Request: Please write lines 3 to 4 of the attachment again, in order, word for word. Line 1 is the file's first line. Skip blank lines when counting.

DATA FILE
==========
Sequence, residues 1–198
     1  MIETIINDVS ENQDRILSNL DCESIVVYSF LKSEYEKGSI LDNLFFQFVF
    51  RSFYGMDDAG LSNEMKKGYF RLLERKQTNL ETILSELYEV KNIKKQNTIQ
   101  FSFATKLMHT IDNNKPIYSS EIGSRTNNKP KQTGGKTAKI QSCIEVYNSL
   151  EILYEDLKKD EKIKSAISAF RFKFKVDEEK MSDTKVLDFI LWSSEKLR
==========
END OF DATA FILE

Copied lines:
    51  RSFYGMDDAG LSNEMKKGYF RLLERKQTNL ETILSELYEV KNIKKQNTIQ
   101  FSFATKLMHT IDNNKPIYSS EIGSRTNNKP KQTGGKTAKI QSCIEVYNSL